So another question we may want consider is, when God calls out to us, do we answer, too? Are we even listening? Trust me, that’s a question I pose to myself regularly, as I discern my way in ministry.
Our relationship is reciprocal, at its best. God seeks us, we seek God. God listens, we listen back. We cry out, God responds. God calls, we answer.
Of course, we always have the choice. We can ignore the call. We can turn away, opting not to answer. Or we can turn toward the call, and say, YES.
Sometimes, like the Friday when we remember Jesus’ death, we are asked to persist through the silence. Raise our voices. Reach out. Seek connection with God. We may feel as if we’re being ignored or forgotten. We may not hear the reply right away. Yet assuredly, God is listening, and God will answer.
Selections from today’s lectionary:
- Isaiah 52:15 — So he shall startle many nations; kings shall shut their mouths because of him; for that which had not been told them they shall see, and that which they had not heard they shall contemplate.
- Isaiah 53:1 — Who has believed what we have heard? And to whom has the arm of the Lord been revealed?
- Isaiah 53:8 — All we like sheep have gone astray; we have all turned to our own way,
and the Lord has laid on him the iniquity of us all.
- Psalm 22: 2 — O my God, I cry by day, but you do not answer; and by night, but find no rest.
- Psalm 22: 8 — “Commit your cause to the Lord; let him deliver— let him rescue the one in whom he delights!”
- Psalm 22: 24 — For he did not despise or abhor the affliction of the afflicted; he did not hide his face from me, but heard when I cried to him.
- Hebrews 10: 8a — Then he added, “See, I have come to do your will.”
- Hebrews 10: 16-17 — “This is the covenant that I will make with them after those days, says the Lord:
I will put my laws in their hearts, and I will write them on their minds,” he also adds, “I will remember their sins and their lawless deeds no more.”
- Hebrews 10: 23 — Let us hold fast to the confession of our hope without wavering, for he who has promised is faithful.
- John 18:4-5 — Then Jesus, knowing all that was to happen to him, came forward and asked them, “Whom are you looking for?” They answered, “Jesus of Nazareth.” Jesus replied, “I am he.”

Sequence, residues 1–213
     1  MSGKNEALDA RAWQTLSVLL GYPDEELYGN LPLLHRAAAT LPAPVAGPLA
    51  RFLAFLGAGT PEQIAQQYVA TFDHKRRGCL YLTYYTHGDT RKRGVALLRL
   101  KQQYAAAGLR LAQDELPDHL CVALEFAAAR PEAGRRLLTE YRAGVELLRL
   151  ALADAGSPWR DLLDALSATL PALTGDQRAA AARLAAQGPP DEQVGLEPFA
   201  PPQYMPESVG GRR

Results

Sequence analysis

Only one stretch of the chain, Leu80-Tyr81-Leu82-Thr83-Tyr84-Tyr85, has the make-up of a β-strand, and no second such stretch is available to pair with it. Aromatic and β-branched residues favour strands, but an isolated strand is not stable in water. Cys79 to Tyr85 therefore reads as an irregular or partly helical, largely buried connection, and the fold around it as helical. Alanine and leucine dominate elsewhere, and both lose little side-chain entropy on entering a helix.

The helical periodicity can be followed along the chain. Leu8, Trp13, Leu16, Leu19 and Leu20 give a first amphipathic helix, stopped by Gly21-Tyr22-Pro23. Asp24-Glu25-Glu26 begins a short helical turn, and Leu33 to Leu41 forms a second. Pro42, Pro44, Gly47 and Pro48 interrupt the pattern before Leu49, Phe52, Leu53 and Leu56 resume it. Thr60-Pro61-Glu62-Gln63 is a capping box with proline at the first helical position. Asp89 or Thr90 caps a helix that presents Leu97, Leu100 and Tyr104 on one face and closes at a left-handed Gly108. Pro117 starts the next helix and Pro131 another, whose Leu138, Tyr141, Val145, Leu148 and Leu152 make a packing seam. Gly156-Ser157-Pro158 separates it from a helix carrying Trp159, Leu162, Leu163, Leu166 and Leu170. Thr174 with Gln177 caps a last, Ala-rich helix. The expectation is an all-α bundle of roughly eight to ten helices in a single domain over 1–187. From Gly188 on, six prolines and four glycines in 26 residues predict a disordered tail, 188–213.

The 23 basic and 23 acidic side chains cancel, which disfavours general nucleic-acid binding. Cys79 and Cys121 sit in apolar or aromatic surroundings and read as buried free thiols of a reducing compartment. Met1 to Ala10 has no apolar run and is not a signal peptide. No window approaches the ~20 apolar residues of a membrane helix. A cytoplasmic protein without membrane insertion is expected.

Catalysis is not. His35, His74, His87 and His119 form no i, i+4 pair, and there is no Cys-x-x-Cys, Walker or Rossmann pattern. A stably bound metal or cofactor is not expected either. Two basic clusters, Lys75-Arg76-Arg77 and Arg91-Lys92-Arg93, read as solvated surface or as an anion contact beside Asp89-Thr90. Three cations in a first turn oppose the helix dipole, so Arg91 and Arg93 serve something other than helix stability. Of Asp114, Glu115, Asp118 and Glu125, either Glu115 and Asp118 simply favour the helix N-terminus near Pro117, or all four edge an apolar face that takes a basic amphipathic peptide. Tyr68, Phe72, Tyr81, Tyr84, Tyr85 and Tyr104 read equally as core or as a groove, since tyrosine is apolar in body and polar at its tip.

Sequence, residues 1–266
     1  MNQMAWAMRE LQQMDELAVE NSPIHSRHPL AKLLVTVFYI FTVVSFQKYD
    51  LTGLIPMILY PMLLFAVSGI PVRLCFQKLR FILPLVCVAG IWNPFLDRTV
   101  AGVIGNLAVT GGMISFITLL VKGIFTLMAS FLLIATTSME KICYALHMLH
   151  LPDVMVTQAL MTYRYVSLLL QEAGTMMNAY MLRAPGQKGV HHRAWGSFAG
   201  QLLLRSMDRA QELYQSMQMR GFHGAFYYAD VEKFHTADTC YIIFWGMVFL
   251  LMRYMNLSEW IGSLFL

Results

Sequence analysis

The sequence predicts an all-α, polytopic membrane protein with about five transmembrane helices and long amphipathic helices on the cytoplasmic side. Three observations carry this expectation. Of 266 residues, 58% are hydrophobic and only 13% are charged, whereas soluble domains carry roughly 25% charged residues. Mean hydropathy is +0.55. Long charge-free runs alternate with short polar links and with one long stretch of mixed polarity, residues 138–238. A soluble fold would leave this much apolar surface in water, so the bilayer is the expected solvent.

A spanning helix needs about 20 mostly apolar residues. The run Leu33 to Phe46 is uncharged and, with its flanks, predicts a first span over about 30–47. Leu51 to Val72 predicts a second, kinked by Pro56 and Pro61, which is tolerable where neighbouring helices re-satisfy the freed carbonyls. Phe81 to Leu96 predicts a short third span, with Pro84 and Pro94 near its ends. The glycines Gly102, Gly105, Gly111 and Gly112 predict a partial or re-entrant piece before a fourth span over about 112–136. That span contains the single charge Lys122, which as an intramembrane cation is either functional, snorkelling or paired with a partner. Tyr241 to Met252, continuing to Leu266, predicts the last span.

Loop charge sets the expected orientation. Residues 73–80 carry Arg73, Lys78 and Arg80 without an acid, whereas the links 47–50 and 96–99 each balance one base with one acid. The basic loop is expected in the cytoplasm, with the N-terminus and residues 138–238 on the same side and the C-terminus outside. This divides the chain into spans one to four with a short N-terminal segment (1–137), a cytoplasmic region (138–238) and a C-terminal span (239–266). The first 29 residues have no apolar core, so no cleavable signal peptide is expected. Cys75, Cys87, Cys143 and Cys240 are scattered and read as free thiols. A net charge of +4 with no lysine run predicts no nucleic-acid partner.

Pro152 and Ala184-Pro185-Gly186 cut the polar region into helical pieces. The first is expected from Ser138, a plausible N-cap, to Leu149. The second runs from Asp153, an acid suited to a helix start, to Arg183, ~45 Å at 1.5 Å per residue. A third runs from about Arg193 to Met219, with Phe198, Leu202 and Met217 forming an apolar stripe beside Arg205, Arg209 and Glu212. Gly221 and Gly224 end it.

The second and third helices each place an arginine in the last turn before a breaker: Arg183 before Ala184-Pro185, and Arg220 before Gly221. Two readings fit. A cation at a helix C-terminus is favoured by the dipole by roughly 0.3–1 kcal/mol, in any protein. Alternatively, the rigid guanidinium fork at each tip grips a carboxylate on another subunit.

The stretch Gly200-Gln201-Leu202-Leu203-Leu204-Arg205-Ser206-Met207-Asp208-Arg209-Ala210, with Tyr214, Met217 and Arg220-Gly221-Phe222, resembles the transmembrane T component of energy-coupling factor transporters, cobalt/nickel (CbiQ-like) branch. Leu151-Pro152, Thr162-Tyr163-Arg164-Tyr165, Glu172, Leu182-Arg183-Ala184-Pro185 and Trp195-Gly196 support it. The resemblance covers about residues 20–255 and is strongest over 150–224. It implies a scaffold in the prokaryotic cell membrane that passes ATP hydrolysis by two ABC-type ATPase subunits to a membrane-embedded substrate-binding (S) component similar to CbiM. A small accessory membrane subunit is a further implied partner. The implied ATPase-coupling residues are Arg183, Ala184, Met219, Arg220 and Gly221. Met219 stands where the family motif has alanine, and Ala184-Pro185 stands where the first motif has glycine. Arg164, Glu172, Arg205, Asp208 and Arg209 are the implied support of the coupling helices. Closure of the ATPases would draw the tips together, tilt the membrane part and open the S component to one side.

- John 18:23 — Jesus answered, “If I have spoken wrongly, testify to the wrong. But if I have spoken rightly, why do you strike me?”
- John 18:37 — Pilate asked him, “So you are a king?” Jesus answered, “You say that I am a king. For this I was born, and for this I came into the world, to testify to the truth. Everyone who belongs to the truth listens to my voice.”
The word that rises up in today’s texts is YIELD.
- YIELD may be a verb that means to submit or surrender.
- YIELD can also be a noun. It is the material outcome of a process, such as the result of a mathematical equation, or in more practical terms, the quantity of grain or other produce harvested at the end of a growing season.
In its active, verb form, YIELD suggests giving oneself into another’s power or authority. In daily use, we YIELD when operating a motor vehicle, giving right of way to someone who is already in in traffic.
Yet it has much deeper connotations. It implies an unequal relationship. We need to be cautious about how we read and use the word YIELD in this context.
We can YEILD when we are seeking mercy, either from the threat of death, or when we are seeking a form of forgiveness for a transgression we may have committed. It can be an act of sheer survival, or a renewing spiritual practice. The event, the experience, determines what YIELDING means to us.